I’m hoping I can get a few more kids to get into the NHL and hopefully lift the cup one day themselves. —Trevor Lewis

SALT LAKE CITY — Standing 3 feet high and weighing 40 pounds, the Holy Grail of hockey was met with cheers from excited fans as professional hockey player Trevor Lewis hoisted the cup over his shoulders.

"It's something you dream about your whole life, lifting the Stanley Cup," said Lewis, a center for the Los Angeles Kings, who brought the cup to the state Capitol on Wednesday morning. "This is my second time, so it's pretty incredible, and I hope we can do it again."

The Utah native brought the Stanley Cup home to celebrate the Los Angeles Kings' victory over the New York Rangers in the 2014 Stanley Cup Final.

With an amazing double-overtime goal, the Kings clinched the series for the second time in three years — a feat unheard of for many young professional hockey players, including Lewis.

Jeff Robbins, president and CEO of the Utah Sports Commission, read the governor’s declaration making Aug. 27, 2014, Utah Youth Hockey and Stanley Cup Day in Utah.

"I’m hoping I can get a few more kids to get into the NHL and hopefully lift the cup one day themselves," Lewis said.

Kara Bendt, Lewis' girlfriend of two years, described him as a humble player and a great guy. In an effort to promote hockey to Utah youths, Lewis sent an email asking for young players to show up a half-hour earlier than the general public, Bendt said.

"On the bus ride up here, there were kids walking up to the Capitol," she said, "and the bus was stopped, and he just pulled the window down and let them look at (the Stanley Cup) and take pictures."

About a 1,000 people showed up to bask in the glory of Lord Stanley's Mug, an event Copper Hills hockey team captain Sean Schmidt described as breathtaking.

"It’s the most amazing thing. It makes you realize that you have a chance to get up there," he said.

Representing Copper Hills High School, the team gathered around the cup to take a picture with Lewis.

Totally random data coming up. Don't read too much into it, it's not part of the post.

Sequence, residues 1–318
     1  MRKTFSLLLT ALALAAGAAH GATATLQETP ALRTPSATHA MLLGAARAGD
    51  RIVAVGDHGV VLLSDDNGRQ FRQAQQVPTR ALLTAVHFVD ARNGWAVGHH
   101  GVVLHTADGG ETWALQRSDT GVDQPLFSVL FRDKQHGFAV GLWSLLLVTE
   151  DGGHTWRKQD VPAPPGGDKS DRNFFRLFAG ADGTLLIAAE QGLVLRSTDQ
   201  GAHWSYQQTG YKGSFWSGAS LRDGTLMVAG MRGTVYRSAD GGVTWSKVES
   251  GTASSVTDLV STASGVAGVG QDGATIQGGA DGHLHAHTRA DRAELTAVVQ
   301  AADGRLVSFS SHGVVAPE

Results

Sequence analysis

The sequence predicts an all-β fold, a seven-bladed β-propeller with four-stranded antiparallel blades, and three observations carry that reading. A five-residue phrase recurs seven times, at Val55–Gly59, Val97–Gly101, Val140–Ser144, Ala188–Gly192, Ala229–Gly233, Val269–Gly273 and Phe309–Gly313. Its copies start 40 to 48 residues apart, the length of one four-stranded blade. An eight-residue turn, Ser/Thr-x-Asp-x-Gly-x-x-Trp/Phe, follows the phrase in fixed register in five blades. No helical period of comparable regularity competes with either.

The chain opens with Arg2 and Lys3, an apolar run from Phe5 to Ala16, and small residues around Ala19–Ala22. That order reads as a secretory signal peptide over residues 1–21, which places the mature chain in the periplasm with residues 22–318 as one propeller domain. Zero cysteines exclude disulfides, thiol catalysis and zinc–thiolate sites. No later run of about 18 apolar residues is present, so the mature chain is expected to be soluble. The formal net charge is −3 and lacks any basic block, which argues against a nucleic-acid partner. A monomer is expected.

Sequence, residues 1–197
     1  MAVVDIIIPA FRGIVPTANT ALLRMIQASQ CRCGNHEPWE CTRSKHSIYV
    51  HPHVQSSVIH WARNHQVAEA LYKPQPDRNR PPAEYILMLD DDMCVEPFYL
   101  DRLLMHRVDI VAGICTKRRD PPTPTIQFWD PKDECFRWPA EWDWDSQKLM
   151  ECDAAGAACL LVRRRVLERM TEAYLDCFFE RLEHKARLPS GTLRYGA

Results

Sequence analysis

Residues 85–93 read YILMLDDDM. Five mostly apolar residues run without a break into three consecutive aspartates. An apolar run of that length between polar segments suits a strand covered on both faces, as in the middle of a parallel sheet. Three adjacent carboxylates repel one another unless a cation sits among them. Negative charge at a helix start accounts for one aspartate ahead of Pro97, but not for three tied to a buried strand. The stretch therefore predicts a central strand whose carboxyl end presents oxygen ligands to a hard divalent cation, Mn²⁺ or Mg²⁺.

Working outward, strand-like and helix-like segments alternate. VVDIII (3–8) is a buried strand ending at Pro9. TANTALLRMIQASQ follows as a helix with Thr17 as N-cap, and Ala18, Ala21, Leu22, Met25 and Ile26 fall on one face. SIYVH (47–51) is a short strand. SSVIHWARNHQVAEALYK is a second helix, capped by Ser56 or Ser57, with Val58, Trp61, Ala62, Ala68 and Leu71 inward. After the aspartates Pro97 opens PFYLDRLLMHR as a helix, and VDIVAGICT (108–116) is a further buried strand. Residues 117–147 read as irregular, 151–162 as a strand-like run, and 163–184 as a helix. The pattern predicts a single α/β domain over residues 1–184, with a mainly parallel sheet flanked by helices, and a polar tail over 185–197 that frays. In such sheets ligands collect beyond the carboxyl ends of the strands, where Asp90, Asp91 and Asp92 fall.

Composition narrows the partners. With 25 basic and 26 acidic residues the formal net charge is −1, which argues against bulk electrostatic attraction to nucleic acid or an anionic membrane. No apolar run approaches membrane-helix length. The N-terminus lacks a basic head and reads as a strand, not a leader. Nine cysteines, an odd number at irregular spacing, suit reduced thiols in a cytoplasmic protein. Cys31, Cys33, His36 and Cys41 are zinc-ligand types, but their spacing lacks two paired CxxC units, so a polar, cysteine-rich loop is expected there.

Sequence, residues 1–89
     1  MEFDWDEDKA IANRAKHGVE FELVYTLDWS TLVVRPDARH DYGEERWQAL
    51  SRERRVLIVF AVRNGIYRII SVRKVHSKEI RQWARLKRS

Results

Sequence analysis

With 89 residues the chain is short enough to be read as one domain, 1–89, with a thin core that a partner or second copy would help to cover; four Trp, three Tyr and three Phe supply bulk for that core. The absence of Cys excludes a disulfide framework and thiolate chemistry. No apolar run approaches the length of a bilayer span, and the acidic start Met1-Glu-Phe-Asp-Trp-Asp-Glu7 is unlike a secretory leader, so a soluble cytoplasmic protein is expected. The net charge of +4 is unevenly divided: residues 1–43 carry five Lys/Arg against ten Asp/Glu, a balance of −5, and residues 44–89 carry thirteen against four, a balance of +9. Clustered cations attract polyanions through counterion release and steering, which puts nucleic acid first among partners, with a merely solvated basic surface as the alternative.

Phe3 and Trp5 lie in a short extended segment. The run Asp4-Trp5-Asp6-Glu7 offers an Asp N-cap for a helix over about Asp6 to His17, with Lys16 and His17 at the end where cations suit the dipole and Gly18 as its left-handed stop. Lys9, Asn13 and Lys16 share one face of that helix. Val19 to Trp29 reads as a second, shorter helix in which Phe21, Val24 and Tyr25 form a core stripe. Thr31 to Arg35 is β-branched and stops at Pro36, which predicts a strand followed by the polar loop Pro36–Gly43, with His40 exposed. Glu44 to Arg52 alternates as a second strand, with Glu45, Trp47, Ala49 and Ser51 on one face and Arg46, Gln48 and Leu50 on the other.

"It’s the most amazing thing because he’s the first hockey player from Utah to get the Stanley Cup twice. It’s just an inspiration to us to work harder and bring it back even more," said Kayden Houser, a member of the Copper Hills team.

Daxton Nielson, 13, and his family were the first ones in line after an early arrival of 5:45 a.m. Daxton, a Boston Bruins fan at heart, said Lewis will always be one of his favorite players because of his Utah heritage.

"That was totally worth the wait. It was so amazing," he said minutes after stepping away from the Stanley Cup.

Lifelong hockey fan Ron Mrocek pointed out the relevance of the Kings' two titles in three seasons.

"You don’t hear it very often that way, so it’s a big deal," Mrocek, 60, said of the Kings' victories in 2012 and 2014. "I am enjoying this, and the day hasn’t even barely begun."

As Mrocek stood in line waiting for his turn with the cup, Lewis unintentionally gave him the best birthday present of his life, he said.

Lewis said he plans to spend his day with the Stanley Cup relaxing at home with his family and friends.

"I got them all here, so they are helping make this day really special to me, and we are going to have some fun with it," he said.

Proud mother Linda Lewis said her son's journey has been a whirlwind of surreal moments.

"Me and my buddies used to play in the driveway and act like it was Game 7 of the Stanley Cup, and we’d want to lift the cup," Lewis said, "so it's definitely a dream come true."

Email: mcollette@deseretnews.com

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